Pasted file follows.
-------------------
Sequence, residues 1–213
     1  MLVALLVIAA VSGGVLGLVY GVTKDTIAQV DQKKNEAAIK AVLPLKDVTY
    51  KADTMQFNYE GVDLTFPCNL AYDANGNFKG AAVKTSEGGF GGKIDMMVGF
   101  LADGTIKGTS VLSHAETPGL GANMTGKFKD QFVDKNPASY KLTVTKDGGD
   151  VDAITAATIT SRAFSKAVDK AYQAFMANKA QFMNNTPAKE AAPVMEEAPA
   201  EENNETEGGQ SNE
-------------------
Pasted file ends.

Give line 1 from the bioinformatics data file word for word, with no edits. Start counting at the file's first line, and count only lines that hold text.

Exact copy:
Sequence, residues 1–213